Probably even more important than specific tech skills, though, are the soft skills that will prepare our kids for their futures.
- Creativity: This may be the most important one, in my view, and it means that we still need art, music to fuel those imaginations, and a supportive and risk-welcomingenvironment where students can try new things. Creativity and tech are not mutually exclusive – we believe that tech at its best is highly creative and this is why we use project-based learning in everything we do.
- Collaboration: Team work is tough to assess and as a result isn’t always top priority in organisations driven by independent assessment (read: schools). However, IRL (in real life), it’s critical that our kids learn how to organise work, how to communicate with peers, how to take and give constructive feedback. Collaboration takes practice.
- Computational Thinking: This is distinct from coding itself. This is the ability to break down problems into specific steps. It helps us come up with analytical ways to deal with (and delegate) problems. It is also a necessary step to thinking about how to solve a problem with code.
- Communication: Your work is only as good as your audience’s understanding. If you have the most elegant solution in the world, but you can’t explain it to people, it will be worthless. And in communicating simply about complex topics, you consolidate your own understanding of the topics.
- Design Thinking: This is the process of designing something, testing it and seeking feedback, then making improvements and adjustments, and re-testing it until you are satisfied. This isn’t making one plan and sticking with it to the bitter end. This isn’t being emotionally stuck on the way that you initially expected a solution or product to work. This is staying curious, being open to feedback, and looking at attempts that don’t work as a necessary step on the path to success rather than a failure. Tech builds are bound to hit bumps sometimes and to benefit massively from this iterative model. It also builds in adaptability and resiliency.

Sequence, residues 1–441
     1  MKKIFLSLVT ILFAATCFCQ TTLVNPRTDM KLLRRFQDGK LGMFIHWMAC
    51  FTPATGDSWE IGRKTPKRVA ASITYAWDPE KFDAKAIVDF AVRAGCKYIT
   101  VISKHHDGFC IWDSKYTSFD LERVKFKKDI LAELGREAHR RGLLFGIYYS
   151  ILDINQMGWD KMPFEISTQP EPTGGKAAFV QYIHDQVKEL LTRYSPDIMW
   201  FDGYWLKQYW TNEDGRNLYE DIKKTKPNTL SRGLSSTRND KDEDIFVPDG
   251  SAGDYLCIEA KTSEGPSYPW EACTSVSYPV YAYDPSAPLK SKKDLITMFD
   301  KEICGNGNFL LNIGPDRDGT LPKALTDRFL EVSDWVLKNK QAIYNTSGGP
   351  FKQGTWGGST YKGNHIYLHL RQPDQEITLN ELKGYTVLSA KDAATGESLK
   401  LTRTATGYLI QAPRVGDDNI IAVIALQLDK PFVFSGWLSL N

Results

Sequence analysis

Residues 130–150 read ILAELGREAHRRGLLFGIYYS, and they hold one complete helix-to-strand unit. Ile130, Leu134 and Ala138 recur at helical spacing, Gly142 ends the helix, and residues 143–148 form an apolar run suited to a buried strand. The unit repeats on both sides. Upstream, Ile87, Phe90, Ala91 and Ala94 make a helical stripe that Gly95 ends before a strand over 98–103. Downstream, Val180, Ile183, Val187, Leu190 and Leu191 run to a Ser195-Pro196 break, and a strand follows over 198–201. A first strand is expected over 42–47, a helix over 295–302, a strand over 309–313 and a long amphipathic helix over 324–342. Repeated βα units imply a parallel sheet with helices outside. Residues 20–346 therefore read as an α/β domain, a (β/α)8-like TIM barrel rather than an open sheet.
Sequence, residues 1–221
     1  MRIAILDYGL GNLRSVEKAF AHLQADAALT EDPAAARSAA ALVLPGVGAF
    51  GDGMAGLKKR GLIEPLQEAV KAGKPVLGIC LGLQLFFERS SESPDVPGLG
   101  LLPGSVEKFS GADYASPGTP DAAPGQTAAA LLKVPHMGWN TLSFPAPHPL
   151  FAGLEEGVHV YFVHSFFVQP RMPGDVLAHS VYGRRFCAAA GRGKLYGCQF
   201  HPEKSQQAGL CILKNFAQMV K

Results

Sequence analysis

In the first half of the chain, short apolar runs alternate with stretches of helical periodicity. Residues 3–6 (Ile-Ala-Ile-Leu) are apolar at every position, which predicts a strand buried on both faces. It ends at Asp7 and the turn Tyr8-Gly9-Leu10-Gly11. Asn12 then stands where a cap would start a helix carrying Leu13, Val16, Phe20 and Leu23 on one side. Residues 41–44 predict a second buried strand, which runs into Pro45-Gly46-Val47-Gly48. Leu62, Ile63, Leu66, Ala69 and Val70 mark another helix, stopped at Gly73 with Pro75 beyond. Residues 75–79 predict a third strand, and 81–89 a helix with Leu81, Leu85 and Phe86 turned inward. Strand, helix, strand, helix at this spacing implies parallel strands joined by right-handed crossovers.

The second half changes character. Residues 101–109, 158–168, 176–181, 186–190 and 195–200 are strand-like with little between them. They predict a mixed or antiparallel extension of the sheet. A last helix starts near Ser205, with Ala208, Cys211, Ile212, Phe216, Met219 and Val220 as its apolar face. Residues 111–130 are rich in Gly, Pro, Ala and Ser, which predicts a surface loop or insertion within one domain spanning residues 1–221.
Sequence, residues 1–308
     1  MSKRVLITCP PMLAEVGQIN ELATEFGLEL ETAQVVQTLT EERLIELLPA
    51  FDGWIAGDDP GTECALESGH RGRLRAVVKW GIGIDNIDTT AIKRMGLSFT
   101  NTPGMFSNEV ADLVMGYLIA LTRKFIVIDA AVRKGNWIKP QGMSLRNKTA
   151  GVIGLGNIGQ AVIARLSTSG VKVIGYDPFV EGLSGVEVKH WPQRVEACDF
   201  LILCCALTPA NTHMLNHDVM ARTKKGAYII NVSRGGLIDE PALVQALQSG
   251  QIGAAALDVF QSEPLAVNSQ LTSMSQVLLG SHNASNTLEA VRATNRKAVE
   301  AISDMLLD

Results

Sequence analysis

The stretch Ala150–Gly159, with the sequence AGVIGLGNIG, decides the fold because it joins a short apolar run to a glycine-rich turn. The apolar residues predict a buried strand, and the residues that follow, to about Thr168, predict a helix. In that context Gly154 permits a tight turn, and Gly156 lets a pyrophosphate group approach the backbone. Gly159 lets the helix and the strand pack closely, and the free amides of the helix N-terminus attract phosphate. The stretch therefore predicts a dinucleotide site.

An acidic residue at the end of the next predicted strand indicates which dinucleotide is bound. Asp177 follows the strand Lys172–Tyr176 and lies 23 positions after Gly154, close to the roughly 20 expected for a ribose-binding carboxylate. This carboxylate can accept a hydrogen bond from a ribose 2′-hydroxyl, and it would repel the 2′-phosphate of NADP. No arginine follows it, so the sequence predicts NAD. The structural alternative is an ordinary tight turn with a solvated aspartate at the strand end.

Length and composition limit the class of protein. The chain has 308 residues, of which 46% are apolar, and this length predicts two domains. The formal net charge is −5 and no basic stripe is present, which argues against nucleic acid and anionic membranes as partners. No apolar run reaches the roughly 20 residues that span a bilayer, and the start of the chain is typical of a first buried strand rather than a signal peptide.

- Curiosity: Some would argue that curiosity is not a skill. But our view is that curiosity takes practice. Curiosity means throwing yourself into a project so that you care about the outcome and are driven to look for the best solution because you REALLY want to solve it. Curiosity means spending free time learning new things, and that’s a habit that can be developed. Curiosity means wanting to do the research because you want to know more and you want to keep learning. And curiosity requires that you care about the issue at hand, and that it is meaninful and relevant to you. Curiosity is also a key skill that keeps life intellectually interesting long after school ends.
We embed these skills into everything we do. In our courses students are “just” learning Java or Python or Photoshop, they are also learning to roll up their sleeves, get curious, take the knocks that come with taking creative and intellectual risks, and finish a project that they are proud to share and shout about.